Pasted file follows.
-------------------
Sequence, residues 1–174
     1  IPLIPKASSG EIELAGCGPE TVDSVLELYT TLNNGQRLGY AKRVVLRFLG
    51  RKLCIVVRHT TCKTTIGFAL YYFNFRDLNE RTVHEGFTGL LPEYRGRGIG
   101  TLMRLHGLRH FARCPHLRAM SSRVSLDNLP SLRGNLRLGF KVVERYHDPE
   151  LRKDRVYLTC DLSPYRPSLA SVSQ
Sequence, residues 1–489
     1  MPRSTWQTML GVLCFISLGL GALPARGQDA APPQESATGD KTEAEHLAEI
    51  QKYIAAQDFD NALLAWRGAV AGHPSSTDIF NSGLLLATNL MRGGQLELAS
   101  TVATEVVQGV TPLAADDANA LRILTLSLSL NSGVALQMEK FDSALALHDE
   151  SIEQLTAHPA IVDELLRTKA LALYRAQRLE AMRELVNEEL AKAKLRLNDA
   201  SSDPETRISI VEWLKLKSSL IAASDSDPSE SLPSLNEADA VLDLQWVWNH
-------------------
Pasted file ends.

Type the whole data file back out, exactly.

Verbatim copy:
Sequence, residues 1–174
     1  IPLIPKASSG EIELAGCGPE TVDSVLELYT TLNNGQRLGY AKRVVLRFLG
    51  RKLCIVVRHT TCKTTIGFAL YYFNFRDLNE RTVHEGFTGL LPEYRGRGIG
   101  TLMRLHGLRH FARCPHLRAM SSRVSLDNLP SLRGNLRLGF KVVERYHDPE
   151  LRKDRVYLTC DLSPYRPSLA SVSQ
Sequence, residues 1–489
     1  MPRSTWQTML GVLCFISLGL GALPARGQDA APPQESATGD KTEAEHLAEI
    51  QKYIAAQDFD NALLAWRGAV AGHPSSTDIF NSGLLLATNL MRGGQLELAS
   101  TVATEVVQGV TPLAADDANA LRILTLSLSL NSGVALQMEK FDSALALHDE
   151  SIEQLTAHPA IVDELLRTKA LALYRAQRLE AMRELVNEEL AKAKLRLNDA
   201  SSDPETRISI VEWLKLKSSL IAASDSDPSE SLPSLNEADA VLDLQWVWNH